Every joke and memory led to the same message—unity. Huntsman recalled the political ethos of his ancestors with admiration.

“He wasn’t a Republican, first and foremost. He was a representative of the people, first and foremost,” he said of his grandfather. “I think of how we once were, as Americans, it didn’t matter what party you were affiliated with, we were proud of our president. And the divide that has occurred in the ensuing years is something I don’t think is worthy of passing on to the next generation. We all need to somehow pull together and ameliorate this divide, because it’s destroying this country and it’s destroying who we are as a people.”

Audience members young and old were charmed by Huntsman's humor and message. Photo by Ilona Idlis.

Audience members young and old were charmed by Huntsman’s humor and message. [Photo by Ilona Idlis.]

Huntsman’s take on the ills of domestic policy was sincerely delivered and well-received, but his true area of expertise lay beyond American borders. With three years spent abroad as ambassador to Singapore and China and two adopted daughters from China and India, National Bureau of Asian Research President, former Jackson School faculty member, and event moderator Richard Ellings aptly introduced Huntsman as the “ultimate international man.” Once the audience’s questions poured in, it became clear that the title is well earned. Confronted with issues of trade agreements, resource management, Tibet and regime change, Huntsman’s replies flowed naturally and knowledgeably.  The charm was still there, too. The ambassador thanked a Peace Corps member for his service and showed off his impressive grasp of Mandarin with a Chinese exchange student.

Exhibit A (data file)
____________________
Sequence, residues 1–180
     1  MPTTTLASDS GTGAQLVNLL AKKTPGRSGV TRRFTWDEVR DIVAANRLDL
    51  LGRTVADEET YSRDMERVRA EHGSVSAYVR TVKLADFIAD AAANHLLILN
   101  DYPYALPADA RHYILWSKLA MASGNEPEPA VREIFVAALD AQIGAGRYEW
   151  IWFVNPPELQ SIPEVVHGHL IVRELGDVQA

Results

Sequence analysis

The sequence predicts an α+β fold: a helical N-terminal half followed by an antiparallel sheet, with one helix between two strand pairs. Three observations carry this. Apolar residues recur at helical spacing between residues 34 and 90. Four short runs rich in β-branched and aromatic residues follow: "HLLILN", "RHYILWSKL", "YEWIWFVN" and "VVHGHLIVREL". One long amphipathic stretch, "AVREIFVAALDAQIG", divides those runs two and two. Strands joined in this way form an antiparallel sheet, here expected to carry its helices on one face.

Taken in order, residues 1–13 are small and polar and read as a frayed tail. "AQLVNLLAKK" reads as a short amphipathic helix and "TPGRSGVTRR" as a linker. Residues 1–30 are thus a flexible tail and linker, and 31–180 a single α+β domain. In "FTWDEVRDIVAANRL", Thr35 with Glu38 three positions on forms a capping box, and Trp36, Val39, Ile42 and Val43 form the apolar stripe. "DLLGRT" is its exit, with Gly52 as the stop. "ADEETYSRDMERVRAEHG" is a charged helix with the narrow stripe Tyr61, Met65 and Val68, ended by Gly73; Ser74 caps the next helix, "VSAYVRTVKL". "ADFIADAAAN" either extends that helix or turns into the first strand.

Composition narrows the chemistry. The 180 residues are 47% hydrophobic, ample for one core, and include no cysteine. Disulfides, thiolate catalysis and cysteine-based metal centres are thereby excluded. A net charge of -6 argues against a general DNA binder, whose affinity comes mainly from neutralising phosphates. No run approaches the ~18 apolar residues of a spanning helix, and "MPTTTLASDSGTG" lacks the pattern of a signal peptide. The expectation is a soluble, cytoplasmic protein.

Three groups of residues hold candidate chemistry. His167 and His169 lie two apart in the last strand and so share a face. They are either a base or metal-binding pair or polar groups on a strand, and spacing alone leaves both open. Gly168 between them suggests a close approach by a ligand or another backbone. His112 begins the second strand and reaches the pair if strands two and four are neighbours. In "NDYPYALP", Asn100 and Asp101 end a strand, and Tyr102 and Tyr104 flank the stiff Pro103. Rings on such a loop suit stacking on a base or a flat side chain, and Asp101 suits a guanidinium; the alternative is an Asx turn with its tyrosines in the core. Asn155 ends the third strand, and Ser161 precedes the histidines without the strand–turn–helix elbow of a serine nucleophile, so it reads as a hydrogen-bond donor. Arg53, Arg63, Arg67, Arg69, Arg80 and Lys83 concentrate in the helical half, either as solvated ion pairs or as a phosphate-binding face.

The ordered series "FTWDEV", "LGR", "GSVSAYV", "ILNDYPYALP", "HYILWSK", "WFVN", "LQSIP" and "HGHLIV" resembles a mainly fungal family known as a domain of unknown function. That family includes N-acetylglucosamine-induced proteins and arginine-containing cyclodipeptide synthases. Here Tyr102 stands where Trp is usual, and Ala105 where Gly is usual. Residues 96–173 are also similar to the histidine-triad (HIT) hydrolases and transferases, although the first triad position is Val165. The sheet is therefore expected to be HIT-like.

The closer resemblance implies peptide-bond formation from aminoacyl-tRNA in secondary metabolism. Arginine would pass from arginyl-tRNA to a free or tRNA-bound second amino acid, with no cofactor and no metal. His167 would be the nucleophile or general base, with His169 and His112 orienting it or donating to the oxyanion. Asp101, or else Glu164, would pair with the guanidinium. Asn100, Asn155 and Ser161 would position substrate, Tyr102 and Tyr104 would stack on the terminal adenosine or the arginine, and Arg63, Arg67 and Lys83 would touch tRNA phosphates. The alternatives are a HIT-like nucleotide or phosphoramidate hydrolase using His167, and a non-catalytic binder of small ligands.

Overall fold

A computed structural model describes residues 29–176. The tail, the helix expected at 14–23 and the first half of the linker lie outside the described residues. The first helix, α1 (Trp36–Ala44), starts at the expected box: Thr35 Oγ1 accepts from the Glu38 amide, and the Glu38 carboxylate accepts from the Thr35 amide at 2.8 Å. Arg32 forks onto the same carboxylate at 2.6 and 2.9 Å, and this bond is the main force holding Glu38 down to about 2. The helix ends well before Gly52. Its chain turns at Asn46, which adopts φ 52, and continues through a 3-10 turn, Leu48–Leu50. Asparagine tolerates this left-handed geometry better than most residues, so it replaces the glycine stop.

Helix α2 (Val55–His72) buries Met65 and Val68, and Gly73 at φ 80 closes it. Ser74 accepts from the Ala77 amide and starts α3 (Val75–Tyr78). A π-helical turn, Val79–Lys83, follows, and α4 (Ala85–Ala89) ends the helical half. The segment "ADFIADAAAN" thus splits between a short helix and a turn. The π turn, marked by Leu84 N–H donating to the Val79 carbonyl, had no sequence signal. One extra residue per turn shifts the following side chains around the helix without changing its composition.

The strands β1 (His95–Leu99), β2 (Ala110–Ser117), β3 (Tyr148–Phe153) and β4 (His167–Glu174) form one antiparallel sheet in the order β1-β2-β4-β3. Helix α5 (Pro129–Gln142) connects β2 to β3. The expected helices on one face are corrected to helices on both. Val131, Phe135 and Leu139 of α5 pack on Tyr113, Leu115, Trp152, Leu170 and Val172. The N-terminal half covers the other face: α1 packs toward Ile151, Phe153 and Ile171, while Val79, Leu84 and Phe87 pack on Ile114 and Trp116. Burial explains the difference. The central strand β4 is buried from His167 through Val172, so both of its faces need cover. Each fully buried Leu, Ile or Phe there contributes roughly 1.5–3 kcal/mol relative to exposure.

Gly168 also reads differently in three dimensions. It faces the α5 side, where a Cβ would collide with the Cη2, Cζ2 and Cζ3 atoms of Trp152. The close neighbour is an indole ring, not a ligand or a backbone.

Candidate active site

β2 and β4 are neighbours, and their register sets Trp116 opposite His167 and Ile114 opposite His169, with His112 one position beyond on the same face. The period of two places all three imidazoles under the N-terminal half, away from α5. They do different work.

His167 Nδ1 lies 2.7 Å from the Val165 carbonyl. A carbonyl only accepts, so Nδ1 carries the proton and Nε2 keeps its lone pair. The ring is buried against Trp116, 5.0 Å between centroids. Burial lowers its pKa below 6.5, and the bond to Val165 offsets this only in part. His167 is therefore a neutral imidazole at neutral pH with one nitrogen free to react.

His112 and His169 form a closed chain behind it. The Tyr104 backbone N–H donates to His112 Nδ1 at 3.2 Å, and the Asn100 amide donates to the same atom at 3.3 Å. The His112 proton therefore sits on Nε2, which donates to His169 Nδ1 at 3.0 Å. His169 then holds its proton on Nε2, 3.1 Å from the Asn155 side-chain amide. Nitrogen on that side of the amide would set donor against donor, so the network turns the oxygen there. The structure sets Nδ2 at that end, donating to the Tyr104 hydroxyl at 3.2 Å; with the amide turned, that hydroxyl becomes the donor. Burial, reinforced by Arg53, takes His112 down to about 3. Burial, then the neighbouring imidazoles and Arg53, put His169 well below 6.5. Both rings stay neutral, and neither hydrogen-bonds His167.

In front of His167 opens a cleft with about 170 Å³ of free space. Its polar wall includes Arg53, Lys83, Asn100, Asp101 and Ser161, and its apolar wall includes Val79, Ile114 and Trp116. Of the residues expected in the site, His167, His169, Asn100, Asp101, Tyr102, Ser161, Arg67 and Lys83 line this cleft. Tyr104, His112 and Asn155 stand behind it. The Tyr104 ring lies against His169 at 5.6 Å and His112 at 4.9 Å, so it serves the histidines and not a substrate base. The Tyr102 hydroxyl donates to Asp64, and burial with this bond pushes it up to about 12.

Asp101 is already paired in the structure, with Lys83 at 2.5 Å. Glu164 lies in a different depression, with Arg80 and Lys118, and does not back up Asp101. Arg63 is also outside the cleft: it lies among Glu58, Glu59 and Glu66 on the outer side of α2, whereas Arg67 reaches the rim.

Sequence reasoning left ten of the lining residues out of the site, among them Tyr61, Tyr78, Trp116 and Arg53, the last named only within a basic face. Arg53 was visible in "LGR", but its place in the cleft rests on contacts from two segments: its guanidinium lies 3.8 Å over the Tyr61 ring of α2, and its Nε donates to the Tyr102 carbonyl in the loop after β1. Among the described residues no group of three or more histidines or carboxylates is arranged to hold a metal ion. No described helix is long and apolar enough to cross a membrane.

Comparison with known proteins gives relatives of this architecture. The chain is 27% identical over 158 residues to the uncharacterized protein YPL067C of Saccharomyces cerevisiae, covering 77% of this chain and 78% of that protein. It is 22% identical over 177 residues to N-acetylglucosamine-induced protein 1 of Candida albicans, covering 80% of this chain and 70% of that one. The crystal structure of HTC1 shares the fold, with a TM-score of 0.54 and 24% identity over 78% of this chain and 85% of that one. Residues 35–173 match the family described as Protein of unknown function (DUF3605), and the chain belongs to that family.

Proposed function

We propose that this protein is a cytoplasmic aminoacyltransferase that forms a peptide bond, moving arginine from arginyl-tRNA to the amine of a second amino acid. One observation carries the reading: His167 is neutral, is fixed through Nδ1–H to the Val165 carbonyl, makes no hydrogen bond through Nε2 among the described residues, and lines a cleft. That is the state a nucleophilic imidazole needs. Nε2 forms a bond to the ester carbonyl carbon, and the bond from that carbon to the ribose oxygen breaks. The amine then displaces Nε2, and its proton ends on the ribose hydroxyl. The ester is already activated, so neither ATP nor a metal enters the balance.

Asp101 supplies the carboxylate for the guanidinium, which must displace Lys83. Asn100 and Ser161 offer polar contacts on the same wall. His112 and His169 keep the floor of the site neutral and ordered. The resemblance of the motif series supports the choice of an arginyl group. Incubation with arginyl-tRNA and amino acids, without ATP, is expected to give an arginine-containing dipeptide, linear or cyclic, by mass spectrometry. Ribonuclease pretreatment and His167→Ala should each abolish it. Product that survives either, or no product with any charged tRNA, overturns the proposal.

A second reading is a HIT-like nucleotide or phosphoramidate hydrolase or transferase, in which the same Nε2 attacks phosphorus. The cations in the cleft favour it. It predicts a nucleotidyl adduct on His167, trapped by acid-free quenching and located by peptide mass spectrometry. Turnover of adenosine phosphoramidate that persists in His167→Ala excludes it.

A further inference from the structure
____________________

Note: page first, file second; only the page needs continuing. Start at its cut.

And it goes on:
Yet when asked about the possibility of a warring future of Chinese/American relations, Huntsman prescribed the same remedy for the country’s international policy as he did for its domestic—cooperation and understanding.

“I learned on the debate stage this past election cycle that it’s a whole lot easier to talk about what you’re going to do to China than to talk about what you’re going to do with China,” he said. “[But] here’s the reality. We’re inexorably linked, inexorably tied economically, culturally, security-wise. We’re married and divorce isn’t an option. You just have to make the relationship work.”

Huntsman thanks a student for his support after the panel let out. Photo by Ilona Idlis.

Huntsman thanks a student for his support after the panel let out. [Photo by Ilona Idlis.]